God sees the sparrows, keeps track of the sparrows and knows every time one of them falls to the ground. How much more will He keep watch over each one of us? After all, we are created in His own image. You and I are never lost to God. He sees us when we are falling through the cracks, even though no one else may notice what is happening to us. Job believed this about God even when his world fell apart, causing Job to fall deeper and deeper through the cracks with nothing to break his fall but God’s silence. It was when Job was at his lowest point, searching for God but not able to find Him, that Job said this –

“If only I knew where to find Him; if only I could go to His dwelling! . . . But if I go to the east, He is not there; if I go to the west, I do not find Him. When He is at work in the north, I do not see Him; when He turns to the south, I catch no glimpse of Him.”

So Job can’t find God. Even so, Job makes this surprising statement.

“But He (God) knows the way that I take; when He has tested me, I will come forth as gold.” (Job 23: 3, 8-10)

Job feels he has lost track of God, but at the same time, Job acknowledges that God has not lost track of him. Ever feel like Job? Even though my troubles don’t compare to Job’s, I still have those moments, those days, (those months?) hopefully not those years when I feel alone, abandoned, unseen, unheard. God seems silent and unreachable as I fall endlessly through life’s cracks, waiting to hit rock bottom.

But if God knows when a sparrow falls to the ground, He most certainly knows when you or I or anyone falls through one of life’s many cracks. God “knows the way that I take” and God “knows the way that you take” too, dear readers. He is able to rescue those of us caught in the cracks, even though others would think us irretrievably lost – permanently held captive in those cracks that turn into chasms and endless caverns, forcing us to fall deeper and deeper. BUT GOD –

” . . . is able to do immeasurably more than all we ask or imagine, according to His power that is at work within us,” (Ephesians 3:20)


“Therefore He (Jesus) is able to save completely those who come to God through Him, because He always lives to intercede for them.” (Hebrews 7:25)

Yes it is God who –

” . . . turned to me and heard my cry.” It is God who – “lifted me out of the slimy pit, out of the mud and mire;” it is God who – “set my feet on a rock and gave me a firm place to stand.” (Psalm 40:1-2)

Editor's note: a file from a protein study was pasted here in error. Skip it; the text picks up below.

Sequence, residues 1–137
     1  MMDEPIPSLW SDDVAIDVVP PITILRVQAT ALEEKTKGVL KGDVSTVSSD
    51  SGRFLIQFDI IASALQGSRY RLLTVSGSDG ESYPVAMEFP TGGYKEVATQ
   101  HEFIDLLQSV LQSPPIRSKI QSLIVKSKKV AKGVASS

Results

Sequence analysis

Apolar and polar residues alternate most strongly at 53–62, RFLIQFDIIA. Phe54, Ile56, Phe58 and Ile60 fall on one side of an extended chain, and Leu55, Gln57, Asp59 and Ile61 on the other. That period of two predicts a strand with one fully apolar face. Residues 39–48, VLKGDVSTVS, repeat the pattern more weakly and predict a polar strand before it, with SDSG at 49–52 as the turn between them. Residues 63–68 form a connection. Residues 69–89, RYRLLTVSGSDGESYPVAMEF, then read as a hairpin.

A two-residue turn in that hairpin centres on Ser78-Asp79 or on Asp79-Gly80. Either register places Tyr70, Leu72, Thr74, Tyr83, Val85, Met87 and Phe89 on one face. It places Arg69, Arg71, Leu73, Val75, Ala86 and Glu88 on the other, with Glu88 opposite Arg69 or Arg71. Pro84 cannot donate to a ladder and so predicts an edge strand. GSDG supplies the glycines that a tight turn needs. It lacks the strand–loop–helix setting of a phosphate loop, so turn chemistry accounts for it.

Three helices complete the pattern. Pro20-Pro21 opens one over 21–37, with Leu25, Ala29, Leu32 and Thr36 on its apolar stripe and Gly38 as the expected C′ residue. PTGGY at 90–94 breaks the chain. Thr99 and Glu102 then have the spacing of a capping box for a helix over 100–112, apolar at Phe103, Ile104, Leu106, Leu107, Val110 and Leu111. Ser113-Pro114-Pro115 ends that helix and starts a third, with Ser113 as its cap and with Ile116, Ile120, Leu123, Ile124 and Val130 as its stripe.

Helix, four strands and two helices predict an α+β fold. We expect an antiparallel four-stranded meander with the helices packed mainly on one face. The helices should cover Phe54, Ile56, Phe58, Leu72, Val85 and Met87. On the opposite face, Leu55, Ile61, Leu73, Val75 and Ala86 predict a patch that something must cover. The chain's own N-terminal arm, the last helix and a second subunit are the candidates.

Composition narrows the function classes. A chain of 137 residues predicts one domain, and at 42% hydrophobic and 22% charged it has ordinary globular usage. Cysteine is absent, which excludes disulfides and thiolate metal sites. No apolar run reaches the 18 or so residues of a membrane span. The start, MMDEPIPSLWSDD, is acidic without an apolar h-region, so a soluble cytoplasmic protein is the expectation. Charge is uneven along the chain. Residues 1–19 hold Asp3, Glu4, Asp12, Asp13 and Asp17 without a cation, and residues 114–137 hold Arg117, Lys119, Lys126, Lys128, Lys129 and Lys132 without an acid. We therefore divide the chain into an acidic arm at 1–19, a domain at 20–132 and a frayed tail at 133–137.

It is my Heavenly Father who knows where I am at all times. Even when I am lost and falling through the cracks, my Creator sees me, hears my cries and comes to rescue me. When I am falling through life’s cracks, He finds me every time. When I hit rock bottom, He is the Rock, the sure foundation upon which I can stand steadfast, safe from the cracks surrounding me on every side. My Heavenly Father will always know where I am because He is always with me. He never leaves nor forsakes me.

“Where can I go from Your Spirit? Where can I flee from Your presence? If I go up to the heavens, You are there; if I make my bed in the depths, You are there. If I rise on the wings of the dawn, if I settle on the far side of the sea, even there Your hand will guide me, Your right hand will hold me fast. If I say, ‘Surely the darkness will hide me and the light become night around me,’ even the darkness will not be dark to You; the night will shine like the day, for darkness is as light to you.” (Psalm 139:7-12)

My Heavenly Father sees me when I am falling through the cracks. He does not let me fall forever. He rescues and restores me. Because I belong to Him, I will not fall through the cracks of eternity.

“And the God of all grace, who called you to His eternal glory in Christ, after you have suffered a little while, will Himself restore you and make you strong, firm and steadfast.” (1 Peter 5:10)

“Cast your cares on the Lord and He will sustain you; He will never let the righteous fall.” (Psalm 55:22)

“To Him who is able to keep you from falling and to present you before His glorious presence without fault and with great joy – to the only God our Savior be glory, majesty, power and authority, through Jesus Christ our Lord, before all ages, now and forevermore! Amen.” (Jude 1:24-25)

sincerely, Grace Day

risky business

No this is not a post about high stakes gambling, bungee jumping, bull fighting, tightrope walking, Indy car racing or a thousand other high-risk human pursuits. Although we do seem to be prone to risk taking as a species. Consider the growing popularity of “extreme sports.” We can’t be satisfied with just regular, ordinary sports? Maybe it’s because everyday life doesn’t have enough risk and by extension excitement, built into it. We no longer have to hunt for our food and there are no unexplored lands. (just think how risky those first trans-Atlantic sea voyages were)